Artist in Residence: Herbert Gentry
Herbert Gentry, a long-time resident of Harlem, Paris, and Stockholm, spent the spring semester as "Artist in Residence" for the Art and Art Education program. Gentry, whose paintings are represented in museums throughout the world and are a staple in African-American collections, likes to call himself an expressionist and is proud to have brought the powerful message of "New American Painting"-with its great sense of freedom and personal affirmation-to Paris after World War II.
Gentry, who is 81, and a long-time resident of Harlem, Paris, and Stockholm, spent the spring semester as "Artist in Residence" for the Art and Art Education program. Two days a week he painted in the studios in Macy Hall and worked with students. "I don't like to criticize a student but rather encourage him or her to look at the work with a critical eye," said Gentry.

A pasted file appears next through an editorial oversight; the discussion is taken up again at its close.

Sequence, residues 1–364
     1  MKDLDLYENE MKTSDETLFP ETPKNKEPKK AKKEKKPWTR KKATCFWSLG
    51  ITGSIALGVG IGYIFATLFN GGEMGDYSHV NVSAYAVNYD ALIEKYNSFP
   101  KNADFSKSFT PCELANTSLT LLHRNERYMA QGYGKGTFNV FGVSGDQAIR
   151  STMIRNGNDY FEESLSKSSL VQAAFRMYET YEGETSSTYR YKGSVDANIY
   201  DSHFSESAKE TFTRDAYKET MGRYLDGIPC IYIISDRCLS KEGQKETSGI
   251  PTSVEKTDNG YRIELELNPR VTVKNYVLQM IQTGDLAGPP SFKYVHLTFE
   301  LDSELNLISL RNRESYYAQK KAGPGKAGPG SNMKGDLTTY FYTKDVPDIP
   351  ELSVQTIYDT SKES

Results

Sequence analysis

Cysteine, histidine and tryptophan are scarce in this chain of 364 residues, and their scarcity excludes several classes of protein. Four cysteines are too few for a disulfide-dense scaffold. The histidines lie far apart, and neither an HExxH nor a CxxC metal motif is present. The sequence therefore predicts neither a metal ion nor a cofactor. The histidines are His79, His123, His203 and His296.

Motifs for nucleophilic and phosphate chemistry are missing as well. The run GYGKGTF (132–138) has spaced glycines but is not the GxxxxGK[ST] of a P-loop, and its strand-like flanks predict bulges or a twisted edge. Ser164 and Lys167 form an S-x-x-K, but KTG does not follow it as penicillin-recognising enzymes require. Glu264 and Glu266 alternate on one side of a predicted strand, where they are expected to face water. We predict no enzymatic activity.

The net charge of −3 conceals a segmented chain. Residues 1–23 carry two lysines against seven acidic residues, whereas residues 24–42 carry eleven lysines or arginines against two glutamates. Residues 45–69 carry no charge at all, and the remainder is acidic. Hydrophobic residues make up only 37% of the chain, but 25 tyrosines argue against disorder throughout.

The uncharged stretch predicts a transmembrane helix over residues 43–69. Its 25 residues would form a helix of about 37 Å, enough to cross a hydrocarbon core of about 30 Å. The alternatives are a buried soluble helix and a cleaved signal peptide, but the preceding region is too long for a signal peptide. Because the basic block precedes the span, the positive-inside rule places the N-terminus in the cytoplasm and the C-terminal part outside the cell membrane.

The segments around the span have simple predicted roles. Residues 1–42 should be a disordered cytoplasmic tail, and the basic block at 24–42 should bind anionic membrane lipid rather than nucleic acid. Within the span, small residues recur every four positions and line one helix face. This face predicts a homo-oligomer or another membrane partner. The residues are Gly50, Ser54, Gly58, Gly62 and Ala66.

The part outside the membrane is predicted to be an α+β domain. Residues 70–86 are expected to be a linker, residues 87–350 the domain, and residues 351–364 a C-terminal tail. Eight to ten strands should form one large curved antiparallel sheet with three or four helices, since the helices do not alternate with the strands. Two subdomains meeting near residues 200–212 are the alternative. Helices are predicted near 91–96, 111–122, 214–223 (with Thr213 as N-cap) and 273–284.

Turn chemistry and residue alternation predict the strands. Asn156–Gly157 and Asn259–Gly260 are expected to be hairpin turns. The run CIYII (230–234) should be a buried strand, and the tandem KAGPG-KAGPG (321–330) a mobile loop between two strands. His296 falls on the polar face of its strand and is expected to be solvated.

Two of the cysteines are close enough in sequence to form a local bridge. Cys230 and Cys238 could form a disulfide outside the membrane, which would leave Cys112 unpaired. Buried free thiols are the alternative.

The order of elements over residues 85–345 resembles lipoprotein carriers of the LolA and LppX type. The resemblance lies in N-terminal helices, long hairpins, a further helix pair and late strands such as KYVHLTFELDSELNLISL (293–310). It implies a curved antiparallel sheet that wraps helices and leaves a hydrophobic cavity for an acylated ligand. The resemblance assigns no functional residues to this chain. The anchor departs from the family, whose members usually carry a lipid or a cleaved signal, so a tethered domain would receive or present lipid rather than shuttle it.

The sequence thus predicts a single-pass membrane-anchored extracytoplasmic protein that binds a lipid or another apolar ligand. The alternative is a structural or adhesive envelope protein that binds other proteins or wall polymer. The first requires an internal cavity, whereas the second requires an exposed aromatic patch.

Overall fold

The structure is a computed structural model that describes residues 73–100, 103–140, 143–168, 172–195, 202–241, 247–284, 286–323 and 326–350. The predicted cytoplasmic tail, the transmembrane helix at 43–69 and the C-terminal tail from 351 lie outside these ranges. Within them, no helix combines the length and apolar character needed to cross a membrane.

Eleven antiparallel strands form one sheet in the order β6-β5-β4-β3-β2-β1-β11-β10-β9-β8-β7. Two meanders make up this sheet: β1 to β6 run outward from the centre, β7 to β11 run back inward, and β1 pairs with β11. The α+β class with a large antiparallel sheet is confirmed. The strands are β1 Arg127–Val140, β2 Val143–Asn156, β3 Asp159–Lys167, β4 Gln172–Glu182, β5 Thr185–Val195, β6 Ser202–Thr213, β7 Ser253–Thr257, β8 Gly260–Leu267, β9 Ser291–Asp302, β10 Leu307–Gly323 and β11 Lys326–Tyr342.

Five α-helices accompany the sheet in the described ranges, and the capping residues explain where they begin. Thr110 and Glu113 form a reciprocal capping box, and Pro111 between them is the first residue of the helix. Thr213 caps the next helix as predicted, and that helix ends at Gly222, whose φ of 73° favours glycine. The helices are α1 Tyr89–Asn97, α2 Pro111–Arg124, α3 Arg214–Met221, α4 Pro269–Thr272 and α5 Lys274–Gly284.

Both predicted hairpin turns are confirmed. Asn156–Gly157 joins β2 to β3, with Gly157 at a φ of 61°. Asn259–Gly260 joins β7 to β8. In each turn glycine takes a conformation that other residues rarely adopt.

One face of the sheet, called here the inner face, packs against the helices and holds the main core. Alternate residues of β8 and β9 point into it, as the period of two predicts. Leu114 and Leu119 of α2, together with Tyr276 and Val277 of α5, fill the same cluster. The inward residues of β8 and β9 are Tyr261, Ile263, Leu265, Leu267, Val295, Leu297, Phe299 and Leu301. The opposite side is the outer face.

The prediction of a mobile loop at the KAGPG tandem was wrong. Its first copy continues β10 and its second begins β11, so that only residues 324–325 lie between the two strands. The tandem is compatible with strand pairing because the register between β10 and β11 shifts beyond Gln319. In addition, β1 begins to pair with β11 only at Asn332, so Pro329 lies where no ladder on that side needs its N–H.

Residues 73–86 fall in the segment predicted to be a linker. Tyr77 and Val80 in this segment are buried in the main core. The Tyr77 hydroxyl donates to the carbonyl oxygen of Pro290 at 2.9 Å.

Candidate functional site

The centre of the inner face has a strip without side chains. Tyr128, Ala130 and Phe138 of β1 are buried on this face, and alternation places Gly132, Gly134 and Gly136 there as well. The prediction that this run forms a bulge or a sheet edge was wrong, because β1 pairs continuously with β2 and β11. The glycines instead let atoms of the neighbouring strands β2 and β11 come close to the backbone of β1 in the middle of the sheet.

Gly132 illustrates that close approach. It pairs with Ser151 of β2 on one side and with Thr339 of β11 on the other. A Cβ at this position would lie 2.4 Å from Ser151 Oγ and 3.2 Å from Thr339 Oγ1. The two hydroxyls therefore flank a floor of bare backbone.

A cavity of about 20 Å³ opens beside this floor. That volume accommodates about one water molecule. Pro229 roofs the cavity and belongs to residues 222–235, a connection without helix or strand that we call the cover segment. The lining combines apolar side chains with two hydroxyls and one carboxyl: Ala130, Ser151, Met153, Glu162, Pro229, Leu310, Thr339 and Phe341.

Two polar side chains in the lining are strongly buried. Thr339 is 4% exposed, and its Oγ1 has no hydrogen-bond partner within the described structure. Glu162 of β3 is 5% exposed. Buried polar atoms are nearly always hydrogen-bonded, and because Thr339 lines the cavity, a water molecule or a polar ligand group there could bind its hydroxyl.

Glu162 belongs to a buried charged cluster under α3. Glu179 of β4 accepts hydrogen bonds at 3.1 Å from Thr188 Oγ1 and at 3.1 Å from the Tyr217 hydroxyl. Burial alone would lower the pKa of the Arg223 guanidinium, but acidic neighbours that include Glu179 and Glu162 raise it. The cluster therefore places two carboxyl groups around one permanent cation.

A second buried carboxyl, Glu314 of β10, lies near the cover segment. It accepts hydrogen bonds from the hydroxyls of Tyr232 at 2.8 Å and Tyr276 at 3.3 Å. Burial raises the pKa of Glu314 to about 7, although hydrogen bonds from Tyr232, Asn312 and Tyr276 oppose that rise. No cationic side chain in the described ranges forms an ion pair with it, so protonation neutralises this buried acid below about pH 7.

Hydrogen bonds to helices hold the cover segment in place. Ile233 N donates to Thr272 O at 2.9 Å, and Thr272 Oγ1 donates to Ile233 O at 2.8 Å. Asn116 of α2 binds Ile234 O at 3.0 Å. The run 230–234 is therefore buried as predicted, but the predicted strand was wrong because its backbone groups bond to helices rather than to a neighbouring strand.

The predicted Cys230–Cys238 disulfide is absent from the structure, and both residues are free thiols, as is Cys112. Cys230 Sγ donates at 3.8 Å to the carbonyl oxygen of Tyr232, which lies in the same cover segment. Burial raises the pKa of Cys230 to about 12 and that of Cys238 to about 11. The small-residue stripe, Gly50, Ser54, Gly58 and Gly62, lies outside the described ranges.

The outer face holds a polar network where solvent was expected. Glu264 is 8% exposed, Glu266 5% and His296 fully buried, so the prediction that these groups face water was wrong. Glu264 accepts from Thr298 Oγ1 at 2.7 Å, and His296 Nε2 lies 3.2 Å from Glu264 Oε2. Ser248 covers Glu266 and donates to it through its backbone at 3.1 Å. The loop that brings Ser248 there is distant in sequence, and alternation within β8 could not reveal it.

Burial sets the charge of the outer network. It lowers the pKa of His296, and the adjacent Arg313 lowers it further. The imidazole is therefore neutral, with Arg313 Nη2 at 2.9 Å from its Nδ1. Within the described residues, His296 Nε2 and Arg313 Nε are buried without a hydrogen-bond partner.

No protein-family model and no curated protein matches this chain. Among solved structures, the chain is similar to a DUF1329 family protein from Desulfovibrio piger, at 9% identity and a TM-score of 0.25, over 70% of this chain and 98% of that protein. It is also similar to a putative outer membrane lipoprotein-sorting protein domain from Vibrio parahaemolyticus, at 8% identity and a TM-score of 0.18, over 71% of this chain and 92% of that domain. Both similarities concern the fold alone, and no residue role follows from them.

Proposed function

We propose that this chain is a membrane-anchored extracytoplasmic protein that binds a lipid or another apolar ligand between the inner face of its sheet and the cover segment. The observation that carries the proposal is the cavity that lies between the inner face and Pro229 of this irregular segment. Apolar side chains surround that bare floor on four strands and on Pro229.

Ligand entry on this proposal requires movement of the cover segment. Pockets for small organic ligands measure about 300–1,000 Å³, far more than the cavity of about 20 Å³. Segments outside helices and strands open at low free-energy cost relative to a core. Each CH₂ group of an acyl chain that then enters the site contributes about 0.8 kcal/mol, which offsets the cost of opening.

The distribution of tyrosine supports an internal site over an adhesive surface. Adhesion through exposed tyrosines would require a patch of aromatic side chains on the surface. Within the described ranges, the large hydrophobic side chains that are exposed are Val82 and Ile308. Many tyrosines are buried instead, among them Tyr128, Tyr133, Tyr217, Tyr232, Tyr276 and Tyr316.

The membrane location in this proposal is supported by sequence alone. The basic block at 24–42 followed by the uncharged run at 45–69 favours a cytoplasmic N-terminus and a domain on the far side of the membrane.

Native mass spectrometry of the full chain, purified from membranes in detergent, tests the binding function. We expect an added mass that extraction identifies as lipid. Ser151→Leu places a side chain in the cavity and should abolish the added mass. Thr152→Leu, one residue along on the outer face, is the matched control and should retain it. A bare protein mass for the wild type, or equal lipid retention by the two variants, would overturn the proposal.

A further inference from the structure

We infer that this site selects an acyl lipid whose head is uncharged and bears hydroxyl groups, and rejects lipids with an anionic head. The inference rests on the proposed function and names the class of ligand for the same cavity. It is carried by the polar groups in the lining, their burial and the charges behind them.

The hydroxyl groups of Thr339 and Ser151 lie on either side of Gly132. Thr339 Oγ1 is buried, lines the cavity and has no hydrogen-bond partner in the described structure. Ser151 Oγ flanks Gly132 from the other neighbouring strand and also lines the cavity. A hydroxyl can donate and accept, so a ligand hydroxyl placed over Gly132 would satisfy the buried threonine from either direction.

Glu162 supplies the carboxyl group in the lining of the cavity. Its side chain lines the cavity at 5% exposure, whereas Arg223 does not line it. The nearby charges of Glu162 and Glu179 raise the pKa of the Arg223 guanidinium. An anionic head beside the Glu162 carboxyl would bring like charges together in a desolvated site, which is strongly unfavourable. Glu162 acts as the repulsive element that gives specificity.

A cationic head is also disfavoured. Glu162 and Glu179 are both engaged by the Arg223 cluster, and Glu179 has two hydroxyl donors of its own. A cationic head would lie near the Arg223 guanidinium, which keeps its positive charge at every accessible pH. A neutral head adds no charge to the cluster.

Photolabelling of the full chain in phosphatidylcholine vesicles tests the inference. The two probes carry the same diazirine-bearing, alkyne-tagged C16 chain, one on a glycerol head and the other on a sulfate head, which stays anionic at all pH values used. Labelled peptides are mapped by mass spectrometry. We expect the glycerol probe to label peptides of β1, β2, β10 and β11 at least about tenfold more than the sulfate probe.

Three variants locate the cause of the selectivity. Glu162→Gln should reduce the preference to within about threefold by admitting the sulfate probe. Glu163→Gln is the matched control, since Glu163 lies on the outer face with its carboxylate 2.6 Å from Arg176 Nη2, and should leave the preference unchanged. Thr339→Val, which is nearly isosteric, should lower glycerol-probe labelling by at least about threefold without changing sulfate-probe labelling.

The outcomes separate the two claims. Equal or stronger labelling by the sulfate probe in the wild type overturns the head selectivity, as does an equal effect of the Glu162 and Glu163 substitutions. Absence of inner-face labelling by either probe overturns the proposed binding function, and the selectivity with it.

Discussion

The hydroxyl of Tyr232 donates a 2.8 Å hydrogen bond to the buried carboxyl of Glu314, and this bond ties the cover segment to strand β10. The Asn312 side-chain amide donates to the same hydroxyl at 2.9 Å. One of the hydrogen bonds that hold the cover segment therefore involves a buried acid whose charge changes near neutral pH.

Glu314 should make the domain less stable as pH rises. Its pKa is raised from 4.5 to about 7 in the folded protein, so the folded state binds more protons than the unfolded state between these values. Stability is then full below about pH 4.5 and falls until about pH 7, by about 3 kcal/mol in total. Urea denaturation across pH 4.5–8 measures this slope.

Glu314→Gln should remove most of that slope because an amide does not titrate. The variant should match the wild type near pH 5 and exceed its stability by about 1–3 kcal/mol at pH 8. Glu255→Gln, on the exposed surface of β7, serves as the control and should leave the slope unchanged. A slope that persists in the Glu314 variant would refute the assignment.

Gentry was one of more than 300 young American painters and sculptors who headed for Paris during the late 1940s and '50s. After fighting in North Africa during the war he took advantage of the G.I. Bill of Rights and a Fulbright Scholarship to study in Paris.
Gentry's wife, Mary Ann Rose, is a doctoral student in the Art and Art Education program and assisted him during his seminar-like days at TC.
Gentry is still quite active, with his most recent exhibitions taking place at the G.R. N'Namdi Galleries in Chicago and Birmingham, Alabama. The exhibits were mini-retrospectives from the late 1950s to the present. Art critic for the Birmingham News, Joy Hakanson Colby, wrote about the essence of Gentry's art. According to Colby, "At first, Gentry's paintings appear as guileless doodles. As you look, though, they reveal themselves as cosmopolitan, speaking in a number of accents-a dash of Picasso, European Cobra Group, abstract expressionism and assorted other 20th century painting styles. The artist weaves these elements into a flexible language that reflects his background."
Gentry uses the wisdom of his age effortlessly. "The older I become, the easier the work becomes," he said. And it shows.
Published Tuesday, Sep. 18, 2001